26 mei 2014

Shh, it's Art!

Out of all the challenges we got, I was really looking forward to this one. We were supposed to create an outfit inspired by an artist, and incorporate the artist's aesthetic into our own style. The hardest part was choosing an inspiration! I decided to go for Egon Schiele because he has always been a firm favourite and his work gave me an idea!

I especially love his drawings and sketches, with their strong lines and shapes. The linework actually reminds me of the effect you get when you use a sewing machine for embroidery! And thus, an idea was born. I decided to use a dress as a blank canvas and decorate it with machine-embroidered drawings. I chose the Colette Hawthorn because I felt like the style would work well with the art, and used a cotton-linen bland that looked almost exactly like painter's canvas. Here's the result:

I made the sleeveless version so it would be summer appropriate and didn't make any pattern changes (the Hawthorn fits me straight out of the envelope!).

It would have been really easy to make this dress nsfw, but I chose to make my own interpretation instead of just copying a drawing. I embroidered several hands all around the hem and used three different fabric paints to add a painted border. The colour is pretty similar to some of Schiele's paintings, even though it doesn't really show in these pictures!

To make the embroidery I basted a water-soluble stabilizer to the skirt parts, drew the hands on and stitched them with the sewing machine. It took a few nights and there were loads of thread ends to get rid of, but it was worth it! The hands aren't that clear from a distance, so the hem looks like it has some stripey border going on. It looks really cool in motion!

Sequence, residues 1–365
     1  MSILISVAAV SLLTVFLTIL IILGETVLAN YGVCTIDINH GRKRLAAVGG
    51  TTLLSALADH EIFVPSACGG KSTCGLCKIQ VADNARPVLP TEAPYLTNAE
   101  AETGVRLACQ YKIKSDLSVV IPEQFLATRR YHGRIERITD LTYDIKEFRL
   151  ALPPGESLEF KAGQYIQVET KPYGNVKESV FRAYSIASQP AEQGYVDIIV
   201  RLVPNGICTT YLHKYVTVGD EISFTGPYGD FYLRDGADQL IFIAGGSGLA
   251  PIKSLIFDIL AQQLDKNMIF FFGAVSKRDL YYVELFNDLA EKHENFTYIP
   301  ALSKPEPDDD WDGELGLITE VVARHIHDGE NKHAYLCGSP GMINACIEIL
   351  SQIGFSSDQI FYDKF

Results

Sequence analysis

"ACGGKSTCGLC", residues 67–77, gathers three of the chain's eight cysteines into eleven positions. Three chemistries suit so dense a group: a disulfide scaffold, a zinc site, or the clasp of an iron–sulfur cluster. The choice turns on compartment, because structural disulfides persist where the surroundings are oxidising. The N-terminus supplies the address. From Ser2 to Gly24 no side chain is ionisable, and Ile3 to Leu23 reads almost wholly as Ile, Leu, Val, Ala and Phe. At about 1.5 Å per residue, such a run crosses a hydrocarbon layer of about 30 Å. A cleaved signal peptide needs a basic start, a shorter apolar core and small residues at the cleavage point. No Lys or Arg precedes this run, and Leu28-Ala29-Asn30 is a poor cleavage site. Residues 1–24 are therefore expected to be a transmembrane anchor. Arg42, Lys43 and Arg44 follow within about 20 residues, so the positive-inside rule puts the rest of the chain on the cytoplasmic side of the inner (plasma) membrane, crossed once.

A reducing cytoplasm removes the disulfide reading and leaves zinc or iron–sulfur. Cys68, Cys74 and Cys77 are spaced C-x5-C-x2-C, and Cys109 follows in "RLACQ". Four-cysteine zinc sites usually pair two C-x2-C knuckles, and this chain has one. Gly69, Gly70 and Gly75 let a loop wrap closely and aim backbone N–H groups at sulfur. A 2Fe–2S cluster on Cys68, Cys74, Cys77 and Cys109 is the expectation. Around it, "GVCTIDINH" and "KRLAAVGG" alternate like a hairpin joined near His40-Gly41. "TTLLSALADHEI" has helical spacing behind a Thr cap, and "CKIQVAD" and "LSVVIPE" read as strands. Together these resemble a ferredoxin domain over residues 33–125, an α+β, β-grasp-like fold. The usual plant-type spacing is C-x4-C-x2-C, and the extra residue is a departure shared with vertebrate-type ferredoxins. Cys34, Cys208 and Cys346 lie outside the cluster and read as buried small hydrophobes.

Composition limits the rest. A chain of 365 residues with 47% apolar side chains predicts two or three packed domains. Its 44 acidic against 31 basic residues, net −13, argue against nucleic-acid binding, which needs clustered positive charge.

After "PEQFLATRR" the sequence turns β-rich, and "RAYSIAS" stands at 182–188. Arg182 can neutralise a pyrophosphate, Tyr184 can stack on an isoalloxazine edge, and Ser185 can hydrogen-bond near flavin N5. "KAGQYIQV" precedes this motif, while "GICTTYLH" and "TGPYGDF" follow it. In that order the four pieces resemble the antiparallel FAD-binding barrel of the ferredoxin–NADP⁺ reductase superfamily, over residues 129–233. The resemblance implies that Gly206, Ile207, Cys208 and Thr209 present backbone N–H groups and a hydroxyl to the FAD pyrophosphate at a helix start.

I also added an eye done in the same technique to the collar, to tie things together a bit. It's subtle, like a little surprise!

The buttons were another lovely surprise! I was lucky enough to find them in the store where I work, they are almost the exact shade of green in the top of the 'Seated Woman with Bent Knee'. It adds a tiny bit of colour to the dress, just enough!



As you know, I made this for a competition! 50% of the scores are determined by votes from the public, so if you like what I made, could you please take a minute to cast your vote? Just go HERE, at the bottom of the post there's a poll. All you have to do is click my name! I'm having loads of fun with this competition, so it would be great if I could stay in!

19 mei 2014

But Mom, I Don't Want to Grow Up. Well, Wendy, Sew it Up!

I always imagined shift dresses as something you'd find on those lists of 'ten essential wardrobe classics for every woman', you know, the ones that include a white shirt, a beige trenchcoat and a Herm├Ęs scarf. Shift dresses are not for bike riding, drawing or petting animals, so not for me. And then we had to make one!

I thought the obvious thing to do was to just stop complaining about having to be mature and make something pretty. It ended up looking like it was inspired by Peter Pan. NOT INTENTIONALLY!

I used the Colette Laurel pattern and was surprised after making a muslin that I didn't need to make any changes, apart from taking a small piece out of the top of my back! This thing is quite short though, a word of warning... I'm not exceptionally tall and I can't bend down in this, even though I used a VERY narrow hem!

The major change I made was to completely alter the neckline. I cut out triangles all along the neck, drafted a facing and bound the points of the triangles in self bias binding to create the neckline. There was a lot of hand-sewing fiddly bits involved and I managed to burn my thumb with the iron, but it looks really cool!

I repeated the detail in the back to avoid the 'coffin dress' look. The edges normally look more even but apparently I didn't zip it up all the way and my dear photographer never notices such a thing!

I repeated the triangle detail at the hem by making a slit at either side. Finishing this cleanly took some head-scratching but I figured it out in the end!

I put a belt on the dress because I still can't say goodbye to a defined waist and I wanted to break up the green a bit. The fabric is some mystery blend (it was labelled as viscose but I suspect some poly in there as well) with a gorgeous colour and texture that doesn't photograph well at all, sadly enough. Just take my word for it. Look at this picture of me doing sexy posing. Neighbours were laughing at me through their windows.